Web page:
Monday, July 12, 2010

Sharpening marks and old churches

click photo to enlarge
On 30th June this year English Heritage published a report on the state of Britain's 14,500 places of worship that are officially "listed" as being of architectural and historical importance. It suggests that "about 90% are in good or fair condition but 10% are potentially in need of urgent major repairs." Given the dwindling congregations, the ever rising cost of maintaining historic buildings, and the tightening of the public purse strings, a lot of effort and ingenuity will have to go into raising the money that must surely be found to keep these important structures standing and open to the public.

On a recent visit to the church of St Mary and St Hardulph at Breedon on the Hill, Leicestershire, I was prompted to reflect on how we treat our churches today compared with the past. This building is famed for its prominent location on top of a hill of oolitic limestone and for its important Anglo-Saxon sculptures. I also like the contrast between the stone of the church and the plentiful eighteenth and nineteenth century slate gravestones. Like many medieval churches it has been knocked about a bit over the centuries, with parts taken down, new bits added, and restorations undertaken. The building as it stands today is a credit to all who have cared for it over the years.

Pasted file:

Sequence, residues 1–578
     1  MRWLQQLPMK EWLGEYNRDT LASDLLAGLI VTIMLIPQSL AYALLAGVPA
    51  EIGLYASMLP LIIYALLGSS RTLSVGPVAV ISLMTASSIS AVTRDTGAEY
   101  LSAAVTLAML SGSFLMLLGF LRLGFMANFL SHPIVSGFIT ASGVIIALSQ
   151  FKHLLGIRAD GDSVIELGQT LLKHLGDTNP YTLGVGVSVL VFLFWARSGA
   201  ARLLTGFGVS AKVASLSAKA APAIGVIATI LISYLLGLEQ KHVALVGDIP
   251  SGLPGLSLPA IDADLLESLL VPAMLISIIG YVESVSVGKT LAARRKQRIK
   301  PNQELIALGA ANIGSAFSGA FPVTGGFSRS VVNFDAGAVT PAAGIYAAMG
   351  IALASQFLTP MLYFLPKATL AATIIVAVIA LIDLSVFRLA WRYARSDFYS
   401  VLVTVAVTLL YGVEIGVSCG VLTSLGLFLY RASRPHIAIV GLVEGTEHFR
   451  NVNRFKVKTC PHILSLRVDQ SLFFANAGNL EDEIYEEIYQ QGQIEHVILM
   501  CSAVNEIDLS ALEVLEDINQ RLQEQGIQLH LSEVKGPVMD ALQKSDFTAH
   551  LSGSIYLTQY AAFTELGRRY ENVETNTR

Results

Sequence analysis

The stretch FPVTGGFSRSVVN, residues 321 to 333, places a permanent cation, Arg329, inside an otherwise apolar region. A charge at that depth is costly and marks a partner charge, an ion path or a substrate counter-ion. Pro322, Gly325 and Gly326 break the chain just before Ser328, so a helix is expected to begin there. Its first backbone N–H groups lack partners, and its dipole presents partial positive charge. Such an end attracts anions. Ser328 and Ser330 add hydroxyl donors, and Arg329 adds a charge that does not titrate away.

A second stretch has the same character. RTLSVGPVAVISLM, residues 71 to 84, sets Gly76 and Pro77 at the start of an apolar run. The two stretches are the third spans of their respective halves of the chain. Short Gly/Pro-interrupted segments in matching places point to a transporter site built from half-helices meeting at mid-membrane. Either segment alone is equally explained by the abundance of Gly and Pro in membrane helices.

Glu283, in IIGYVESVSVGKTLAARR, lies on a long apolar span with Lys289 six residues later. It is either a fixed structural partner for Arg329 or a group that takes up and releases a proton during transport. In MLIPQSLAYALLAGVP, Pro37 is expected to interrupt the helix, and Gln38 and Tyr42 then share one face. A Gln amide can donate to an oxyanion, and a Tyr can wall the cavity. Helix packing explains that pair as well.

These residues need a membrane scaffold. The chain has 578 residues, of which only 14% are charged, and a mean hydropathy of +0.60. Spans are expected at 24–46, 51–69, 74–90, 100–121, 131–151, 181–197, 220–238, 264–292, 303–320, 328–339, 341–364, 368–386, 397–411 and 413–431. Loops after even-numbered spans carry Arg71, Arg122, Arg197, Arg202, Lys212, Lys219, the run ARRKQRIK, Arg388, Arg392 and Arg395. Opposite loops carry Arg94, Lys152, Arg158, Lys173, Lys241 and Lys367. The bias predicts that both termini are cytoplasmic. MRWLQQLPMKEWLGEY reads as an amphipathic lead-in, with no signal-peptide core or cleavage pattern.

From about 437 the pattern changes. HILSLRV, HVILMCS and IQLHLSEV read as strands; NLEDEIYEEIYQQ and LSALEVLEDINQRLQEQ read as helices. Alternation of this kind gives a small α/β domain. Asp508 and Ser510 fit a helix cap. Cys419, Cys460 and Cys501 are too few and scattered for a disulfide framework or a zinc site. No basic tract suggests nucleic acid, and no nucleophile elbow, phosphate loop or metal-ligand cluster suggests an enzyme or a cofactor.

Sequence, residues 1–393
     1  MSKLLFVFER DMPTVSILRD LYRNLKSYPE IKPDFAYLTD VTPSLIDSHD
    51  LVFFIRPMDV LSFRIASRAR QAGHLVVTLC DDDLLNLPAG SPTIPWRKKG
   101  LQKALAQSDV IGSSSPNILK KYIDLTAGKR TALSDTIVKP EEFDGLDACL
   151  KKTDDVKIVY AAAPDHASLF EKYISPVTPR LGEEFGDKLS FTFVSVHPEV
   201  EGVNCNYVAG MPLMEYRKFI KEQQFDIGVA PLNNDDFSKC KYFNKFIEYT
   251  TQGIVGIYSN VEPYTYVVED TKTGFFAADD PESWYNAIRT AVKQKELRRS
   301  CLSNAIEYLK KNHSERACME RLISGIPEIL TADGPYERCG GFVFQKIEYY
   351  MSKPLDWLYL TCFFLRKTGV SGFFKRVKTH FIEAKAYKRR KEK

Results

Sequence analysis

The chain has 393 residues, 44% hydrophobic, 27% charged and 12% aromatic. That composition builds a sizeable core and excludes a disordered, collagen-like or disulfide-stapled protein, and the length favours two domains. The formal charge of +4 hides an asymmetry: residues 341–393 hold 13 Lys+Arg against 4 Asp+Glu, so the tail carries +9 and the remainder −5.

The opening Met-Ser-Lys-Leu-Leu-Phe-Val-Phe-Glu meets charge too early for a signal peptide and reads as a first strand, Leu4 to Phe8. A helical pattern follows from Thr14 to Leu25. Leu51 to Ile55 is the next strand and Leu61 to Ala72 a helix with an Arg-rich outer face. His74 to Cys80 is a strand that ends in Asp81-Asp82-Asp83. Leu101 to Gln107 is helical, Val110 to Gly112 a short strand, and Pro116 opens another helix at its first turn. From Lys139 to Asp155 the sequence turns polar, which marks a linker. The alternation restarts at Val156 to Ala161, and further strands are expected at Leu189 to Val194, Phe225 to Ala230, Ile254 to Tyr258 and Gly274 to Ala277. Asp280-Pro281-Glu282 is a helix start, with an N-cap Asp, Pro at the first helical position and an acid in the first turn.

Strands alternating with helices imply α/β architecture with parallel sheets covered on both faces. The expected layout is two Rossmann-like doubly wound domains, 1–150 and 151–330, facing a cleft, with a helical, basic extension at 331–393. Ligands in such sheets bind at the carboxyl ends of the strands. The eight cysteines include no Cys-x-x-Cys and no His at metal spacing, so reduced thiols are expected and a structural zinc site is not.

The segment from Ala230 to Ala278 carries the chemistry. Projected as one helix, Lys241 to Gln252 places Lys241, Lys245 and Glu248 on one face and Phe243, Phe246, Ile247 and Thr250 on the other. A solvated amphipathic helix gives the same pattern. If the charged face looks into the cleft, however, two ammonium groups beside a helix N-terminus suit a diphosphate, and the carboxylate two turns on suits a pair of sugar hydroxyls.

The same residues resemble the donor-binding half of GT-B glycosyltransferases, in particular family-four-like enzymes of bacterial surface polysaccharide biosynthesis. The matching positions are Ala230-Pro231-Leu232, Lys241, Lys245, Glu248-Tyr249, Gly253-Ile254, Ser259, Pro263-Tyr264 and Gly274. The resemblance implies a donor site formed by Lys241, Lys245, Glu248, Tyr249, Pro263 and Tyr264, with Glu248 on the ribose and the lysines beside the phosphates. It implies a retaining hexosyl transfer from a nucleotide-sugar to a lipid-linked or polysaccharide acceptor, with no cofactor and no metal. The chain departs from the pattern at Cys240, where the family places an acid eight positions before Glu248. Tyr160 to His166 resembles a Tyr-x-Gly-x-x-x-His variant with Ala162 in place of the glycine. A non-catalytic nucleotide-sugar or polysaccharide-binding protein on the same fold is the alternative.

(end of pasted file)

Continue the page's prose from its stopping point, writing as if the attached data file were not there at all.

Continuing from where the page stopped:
So what prompted my reflection on the care and attitude of different generations to the fabric of the building? Well, the vertical grooves and holes in the stonework of the south porch look very much like those inflicted by people sharpening their metal tools on the side of the building. These may have been men who cut the graveyard grass, though the shapes make me think that it may have been people sharpening arrows when they were practising their archery skills, a not uncommon thing in English graveyards down the centuries. There seems to have been quite a bit of weathering after the holes and grooves were made, so one could reasonably assume that they were made a long time ago. Anyone today seen doing such a thing would be chastised with some force. But in past centuries, when people's perspective was not as long as ours, the church would have seemed a permanent, immutable object, that always had been and always would be, and scraping metal on its stones a small matter.

In the past I've said that clear blue skies are not what I wish for when out and about with my camera, and I was willing clouds to swing round behind the church before I took my photographs here. But it wasn't to be!

photograph and text (c) T. Boughen

Photo 1 (Photo 2)
Camera: Olympus E510
Mode: Aperture Priority
Focal Length: 13mmmm (22mm/44mm equiv.)
F No: f5.6 Shutter Speed: 1/800 (1/640)
ISO: 100 (100)
Exposure Compensation: -0.7 EV (-0.3EV)
Image Stabilisation: On